Air: Berkson measurement error

Whittemore and Keller (1988) use an approximate maximum likelihood approach to analyse the data shown below on reported respiratory illness versus exposure to nitrogen dioxide (NO2) in 103 children. Stephens and Dellaportas (1992) later use Bayesian methods to analyse the same data.

A discrete covariate zj (j = 1,2,3) representing NO2 concentration in the child's bedroom classified into 3 categories is used as a surrogate for true exposure. The nature of the measurement error relationship associated with this covariate is known precisely via a calibration study, and is given by
   xj = α + β zj + εj

where α = 4.48, β = 0.76 and εj is a random element having normal distribution with zero mean and variance σ2 (= 1/τ) = 81.14. Note that this is a Berkson (1950) model of measurement error, in which the true values of the covariate are expressed as a function of the observed values. Hence the measurement error is independent of the latter, but is correlated with the true underlying covariate values. In the present example, the observed covariate zj takes values 10, 30 or 50 for j = 1, 2, or 3 respectively (i.e. the mid-point of each category), whilst xj is interpreted as the "true average value" of NO2 in group j. The response variable is binary, reflecting presence/absence of respiratory illness, and a logistic regression model is assumed. That is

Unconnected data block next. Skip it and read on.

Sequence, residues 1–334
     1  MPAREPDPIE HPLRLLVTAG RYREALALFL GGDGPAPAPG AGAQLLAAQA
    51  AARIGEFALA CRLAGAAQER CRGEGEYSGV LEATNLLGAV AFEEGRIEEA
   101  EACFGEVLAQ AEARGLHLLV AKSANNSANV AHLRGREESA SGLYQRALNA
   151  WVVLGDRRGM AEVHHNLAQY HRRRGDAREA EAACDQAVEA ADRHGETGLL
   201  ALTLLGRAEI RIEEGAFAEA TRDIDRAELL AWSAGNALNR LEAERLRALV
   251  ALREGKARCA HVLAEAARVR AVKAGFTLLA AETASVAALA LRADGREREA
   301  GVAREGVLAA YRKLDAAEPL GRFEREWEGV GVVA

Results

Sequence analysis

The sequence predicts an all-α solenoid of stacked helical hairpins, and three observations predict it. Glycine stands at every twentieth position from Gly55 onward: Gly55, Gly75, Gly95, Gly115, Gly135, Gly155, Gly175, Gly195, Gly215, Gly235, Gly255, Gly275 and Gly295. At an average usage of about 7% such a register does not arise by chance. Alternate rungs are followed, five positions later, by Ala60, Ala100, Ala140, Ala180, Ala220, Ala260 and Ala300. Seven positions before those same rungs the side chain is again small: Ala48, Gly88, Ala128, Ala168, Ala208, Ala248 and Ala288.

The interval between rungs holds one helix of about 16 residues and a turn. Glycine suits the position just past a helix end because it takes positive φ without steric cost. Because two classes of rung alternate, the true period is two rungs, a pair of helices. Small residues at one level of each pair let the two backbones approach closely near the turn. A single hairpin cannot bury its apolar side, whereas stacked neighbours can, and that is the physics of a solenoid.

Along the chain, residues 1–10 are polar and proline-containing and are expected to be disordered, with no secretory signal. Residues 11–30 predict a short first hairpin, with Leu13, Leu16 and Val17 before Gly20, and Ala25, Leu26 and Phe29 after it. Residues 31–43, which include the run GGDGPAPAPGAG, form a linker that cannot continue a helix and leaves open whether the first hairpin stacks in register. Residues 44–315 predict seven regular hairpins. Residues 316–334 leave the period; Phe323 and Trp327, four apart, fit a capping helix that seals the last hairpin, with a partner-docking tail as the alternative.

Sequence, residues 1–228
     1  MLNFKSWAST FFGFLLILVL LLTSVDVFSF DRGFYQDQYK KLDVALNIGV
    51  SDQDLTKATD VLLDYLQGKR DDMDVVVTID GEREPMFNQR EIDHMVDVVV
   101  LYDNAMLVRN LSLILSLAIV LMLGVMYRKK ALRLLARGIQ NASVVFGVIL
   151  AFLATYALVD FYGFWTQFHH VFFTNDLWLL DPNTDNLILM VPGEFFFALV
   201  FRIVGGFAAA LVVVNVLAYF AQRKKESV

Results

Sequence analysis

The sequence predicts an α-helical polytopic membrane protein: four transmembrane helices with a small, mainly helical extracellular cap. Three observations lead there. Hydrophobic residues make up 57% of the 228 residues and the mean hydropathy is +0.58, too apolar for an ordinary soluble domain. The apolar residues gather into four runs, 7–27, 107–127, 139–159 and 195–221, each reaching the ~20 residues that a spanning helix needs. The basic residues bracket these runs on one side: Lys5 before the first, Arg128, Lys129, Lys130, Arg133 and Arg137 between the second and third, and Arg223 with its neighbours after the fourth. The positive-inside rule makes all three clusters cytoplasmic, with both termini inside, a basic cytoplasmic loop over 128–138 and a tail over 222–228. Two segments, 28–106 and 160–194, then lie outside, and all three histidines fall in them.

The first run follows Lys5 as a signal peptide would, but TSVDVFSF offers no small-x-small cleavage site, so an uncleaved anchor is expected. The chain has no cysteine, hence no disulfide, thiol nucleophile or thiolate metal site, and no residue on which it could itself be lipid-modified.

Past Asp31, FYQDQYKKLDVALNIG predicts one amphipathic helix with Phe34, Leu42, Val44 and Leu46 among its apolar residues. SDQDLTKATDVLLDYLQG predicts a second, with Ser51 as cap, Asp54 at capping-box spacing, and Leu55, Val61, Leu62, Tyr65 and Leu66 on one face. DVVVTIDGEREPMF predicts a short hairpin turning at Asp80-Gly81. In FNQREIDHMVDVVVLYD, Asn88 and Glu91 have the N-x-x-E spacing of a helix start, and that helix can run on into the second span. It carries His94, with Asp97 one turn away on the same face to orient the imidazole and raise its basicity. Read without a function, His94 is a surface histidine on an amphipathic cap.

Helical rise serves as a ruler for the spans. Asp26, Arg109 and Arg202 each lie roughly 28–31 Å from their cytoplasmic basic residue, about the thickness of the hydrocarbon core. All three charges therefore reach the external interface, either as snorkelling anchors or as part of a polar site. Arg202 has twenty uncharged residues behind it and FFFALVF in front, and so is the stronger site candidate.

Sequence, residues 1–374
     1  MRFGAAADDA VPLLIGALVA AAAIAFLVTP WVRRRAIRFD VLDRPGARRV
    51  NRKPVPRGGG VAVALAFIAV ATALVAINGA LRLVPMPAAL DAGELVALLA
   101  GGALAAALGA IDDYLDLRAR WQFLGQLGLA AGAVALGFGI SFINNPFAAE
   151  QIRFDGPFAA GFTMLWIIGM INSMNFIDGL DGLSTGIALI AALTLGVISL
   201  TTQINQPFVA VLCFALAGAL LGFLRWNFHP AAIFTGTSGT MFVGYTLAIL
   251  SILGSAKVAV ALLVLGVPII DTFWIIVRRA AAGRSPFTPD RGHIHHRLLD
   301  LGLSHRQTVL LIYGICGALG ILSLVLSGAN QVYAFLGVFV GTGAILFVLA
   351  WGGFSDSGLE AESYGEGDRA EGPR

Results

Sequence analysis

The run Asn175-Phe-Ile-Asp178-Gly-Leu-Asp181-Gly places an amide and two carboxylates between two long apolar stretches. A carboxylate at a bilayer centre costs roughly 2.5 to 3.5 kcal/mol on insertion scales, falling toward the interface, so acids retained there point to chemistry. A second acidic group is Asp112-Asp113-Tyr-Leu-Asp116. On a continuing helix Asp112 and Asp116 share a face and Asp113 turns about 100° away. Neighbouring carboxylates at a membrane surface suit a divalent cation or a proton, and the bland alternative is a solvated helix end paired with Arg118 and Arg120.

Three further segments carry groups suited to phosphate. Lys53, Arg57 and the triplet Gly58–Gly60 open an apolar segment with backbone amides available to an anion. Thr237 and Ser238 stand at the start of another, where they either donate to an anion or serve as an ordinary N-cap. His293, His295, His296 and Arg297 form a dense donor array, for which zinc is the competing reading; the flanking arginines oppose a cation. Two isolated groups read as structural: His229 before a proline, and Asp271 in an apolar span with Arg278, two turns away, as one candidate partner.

yj ~ Binomial(pj, nj)
logit(pj) = θ1 + θ2 xj
where pj is the probability of respiratory illness for children in the jth exposure group. The regression coefficients θ1 and θ2 are given vague independent normal priors. The graphical model is shown below:
      for(j in 1 : J) {
         y[j] ~ dbin(p[j], n[j])
         logit(p[j]) <- theta[1] + theta[2] * X[j]
         X[j] ~ dnorm(mu[j], tau)
         mu[j] <- alpha + beta * Z[j]
      theta[1] ~ dnorm(0.0, 0.001)
      theta[2] ~ dnorm(0.0, 0.001)

list(J = 3, y = c(21, 20, 15), n = c(48, 34, 21), Z = c(10, 30, 50), tau = 0.01234, alpha = 4.48, beta = 0.76)
Inits for chain 1
   list(theta = c(0.0, 0.0), X = c(0.0, 0.0, 0.0))
Inits for chain 2
list(theta = c(1.0, 1.0), X = c(10.0, 30.0, 40.0))